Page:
7:42. A good, strenuous test. I worried for a bit I might not finish but persistence, as always, is key. (Edit on writing the blog: I see that my problem may have been that a lot of the “charades”-style clues don’t put the bits together in a straightforward order. Tricky!)
Follow along with my efforts here: https://www.twitch.tv/videos/1135582892 .
A brief summary of cryptic crosswords —feel free to skip— :
- Each clue has at least one “definition”: an unbroken string of words which more-or-less straightforwardly indicates the answer. A definition can be as simple as a one-word synonym; but it can also be a descriptive phrase like ‘I’m used to wind’ for REEL or SPOOL. A definition by example must be indicated by a phrase like ‘for example’, or, more commonly, a question mark (?). Thus ‘color’ is a definition of RED, while ‘red, for example’ or ‘red?’ are definitions of COLOR. Punctuation is otherwise irrelevant. Proper nouns will appear capitalized, but otherwise capitalization is irrelevant as well.
- Each clue may also have an unbroken string of words which indicates the answer through wordplay, such as: using abbreviations; reversing the order of letters; indicating particular letters (first, last, outer, middle, every other, etc); placing words inside other words; rearranging letters (anagrams); replacing words by words that sound alike (homophones); and combinations of the above. This is by no means an exhaustive list, but the general theme is to reinterpret ordinary words as referring to letters, so that for example ‘lion’s head’ indicates the first letter of LION: namely, L.
- Definitions and wordplay cannot overlap. The only other words allowed in clues are linking words or phrases that combine these. Thus we may see, for example: “(definition) gives (wordplay)” or “(definition) and (definition)” or “(wordplay) is (definition)”.
- The most common clues have either two definitions, or one definition plus wordplay, in either order. But a single, very misleading definition is not uncommon, and very occasionally a definition can also be interpreted as wordplay leading to the same answer. Triple definitions (and more) are also possible.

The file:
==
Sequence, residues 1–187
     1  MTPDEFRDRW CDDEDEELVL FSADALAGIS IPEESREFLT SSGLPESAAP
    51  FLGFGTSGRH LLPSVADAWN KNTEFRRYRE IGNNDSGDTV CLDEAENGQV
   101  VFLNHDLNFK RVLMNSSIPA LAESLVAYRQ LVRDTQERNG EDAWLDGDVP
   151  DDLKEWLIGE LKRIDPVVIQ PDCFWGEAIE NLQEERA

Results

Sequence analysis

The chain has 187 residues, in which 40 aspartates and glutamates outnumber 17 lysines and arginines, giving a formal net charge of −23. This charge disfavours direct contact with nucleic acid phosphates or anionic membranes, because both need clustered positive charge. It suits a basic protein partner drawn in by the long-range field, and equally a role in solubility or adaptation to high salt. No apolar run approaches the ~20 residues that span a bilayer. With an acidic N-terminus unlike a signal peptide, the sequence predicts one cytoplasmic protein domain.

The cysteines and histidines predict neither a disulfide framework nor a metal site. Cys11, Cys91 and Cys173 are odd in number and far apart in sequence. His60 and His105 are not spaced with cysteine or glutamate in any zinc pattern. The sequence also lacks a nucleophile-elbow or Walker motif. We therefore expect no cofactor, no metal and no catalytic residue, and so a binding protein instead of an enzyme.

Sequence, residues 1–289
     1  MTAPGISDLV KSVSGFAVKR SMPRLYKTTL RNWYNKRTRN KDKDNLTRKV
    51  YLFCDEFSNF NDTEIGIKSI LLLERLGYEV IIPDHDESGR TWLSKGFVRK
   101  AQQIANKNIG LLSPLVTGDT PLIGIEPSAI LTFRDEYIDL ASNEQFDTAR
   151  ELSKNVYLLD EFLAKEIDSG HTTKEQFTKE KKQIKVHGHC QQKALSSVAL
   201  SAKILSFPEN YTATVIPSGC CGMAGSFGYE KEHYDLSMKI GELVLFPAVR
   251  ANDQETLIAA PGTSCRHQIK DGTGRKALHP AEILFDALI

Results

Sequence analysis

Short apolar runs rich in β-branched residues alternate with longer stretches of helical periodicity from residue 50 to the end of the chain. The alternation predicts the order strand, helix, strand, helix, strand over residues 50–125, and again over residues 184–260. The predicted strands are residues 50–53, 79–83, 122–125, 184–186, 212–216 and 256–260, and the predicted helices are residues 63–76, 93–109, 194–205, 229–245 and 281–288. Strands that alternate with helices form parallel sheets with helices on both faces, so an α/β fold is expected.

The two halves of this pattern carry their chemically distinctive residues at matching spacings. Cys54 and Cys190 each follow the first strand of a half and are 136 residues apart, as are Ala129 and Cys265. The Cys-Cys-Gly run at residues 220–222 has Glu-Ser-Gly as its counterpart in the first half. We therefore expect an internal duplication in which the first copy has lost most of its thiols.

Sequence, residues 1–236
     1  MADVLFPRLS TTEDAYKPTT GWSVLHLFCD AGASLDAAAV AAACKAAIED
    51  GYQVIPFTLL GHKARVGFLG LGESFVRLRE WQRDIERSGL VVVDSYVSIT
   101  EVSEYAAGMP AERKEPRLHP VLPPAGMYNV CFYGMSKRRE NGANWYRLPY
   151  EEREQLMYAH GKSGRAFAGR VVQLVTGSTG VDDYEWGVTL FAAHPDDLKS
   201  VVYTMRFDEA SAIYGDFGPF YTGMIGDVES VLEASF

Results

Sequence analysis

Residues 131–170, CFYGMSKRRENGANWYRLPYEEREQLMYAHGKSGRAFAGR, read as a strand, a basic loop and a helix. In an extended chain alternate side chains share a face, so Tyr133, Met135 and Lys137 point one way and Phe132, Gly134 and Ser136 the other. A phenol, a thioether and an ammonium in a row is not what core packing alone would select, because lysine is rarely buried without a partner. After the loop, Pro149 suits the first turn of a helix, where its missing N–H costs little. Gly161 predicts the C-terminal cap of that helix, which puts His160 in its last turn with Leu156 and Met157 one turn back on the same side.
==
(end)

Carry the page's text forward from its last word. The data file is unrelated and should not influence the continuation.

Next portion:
My conventions in the solutions below are to underline definitions (including a defining phrase); put linking words in [brackets]; and put all wordplay indicators in boldface. I also use a solidus (/) to help break up the clue where necessary, especially for double definitions without linking words.
Here is a Glossary of all the wordplay indicators and abbreviations in this puzzle.
Abbreviations and little bits
1 Lame inspector’s / guided by Jack (8)
DISABLED = DI’S + LED next to AB
5 Cry of bird bearing large talon (4)
CLAW = CAW around L
8 Make-up / remains on daughter, hastily and carelessly done (8)
SLAPDASH = SLAP + ASH next to D
9 Scrap a / safety test, on reflection (4)
ATOM = A + MOT reversed
11 Article / Rosie emptied in that place (5)
THERE = THE + first and last letters of ROSIE
12 Like to broadcast / new author (7)
TOLKIEN = anagram of LIKE TO + N
13 Bit of a word quietly by referee, and football team retreating (6)
PREFIX = P + REF + XI reversed
15 One of five kids with constant / energy [gets] fruit (6)
QUINCE = QUIN + C + E
18 Rubbish book found in outbuilding (7)
GARBAGE = B in GARAGE
19 Bury — popular / market, quite popular ultimately (5)
INTER = IN + last letters of MARKET QUITE POPULAR
21 Central sections of park tidy [and] dry (4)
ARID = middle letters of PARK TIDY
22 Is the suspect, / after drink knocked back, most aggressive? (8)
PUSHIEST = IS THE anagrammed, after reversal of SUP
23 Irritable newsman / Gary‘s outside (4)
EDGY = ED + first and last of GARY
24 Boss meets key / member where horses are bred (4,4)
STUD FARM = STUD + F + ARM
Here ‘boss’ refers to a raised bump or stud, sometimes called an ‘umbo’ in these parts. Vinyl points out that this is definition 2 in Berstan.
1 Desmond / initially knowing / best type of computer (7)
DESKTOP = DES + first letter of KNOWING + TOP
2 Bluish-grey / pan (5)
SLATE = double definition
SLATE = ‘pan’ as in “to review unfavourably” (Chambers).
3 Move / equipment — upset artist[‘s] pet perhaps (10)
BUDGERIGAR = BUDGE + RIG + reversal of RA
4 Fake art’s sculpted / by European / unknown (6)
ERSATZ = ARTS anagrammed, next to E + Z
6 Reluctant individual overlooking an area of Scotland (7)
LOTHIAN = LOTH + I + AN
Alternate spelling of
LOATHE LOATH, I believe.
7 Ladies [and] Gents south of Waterloo vacant (5)
WOMEN = MEN below first and last of WATERLOO
10 Brandished baking ingredient / one / dropped (10)
FLOURISHED = FLOUR + I + SHED
14 Each / gang around noon receiving payment for work (7)
EARNING = EA + RING around N
16 Printing mistake, rare, unsettled / corporation (7)
ERRATUM = RARE anagrammed + TUM
17 Religious adherent[‘s] tunic regularly / appeared in joke (6)
JESUIT = even-numbered letters of TUNIC in JEST
18 Fireplace large, we hear (5)
GRATE = homophone of GREAT
20 In contest, he taunted Greek character (5)
THETA = hidden in CONTEST HE TAUNTED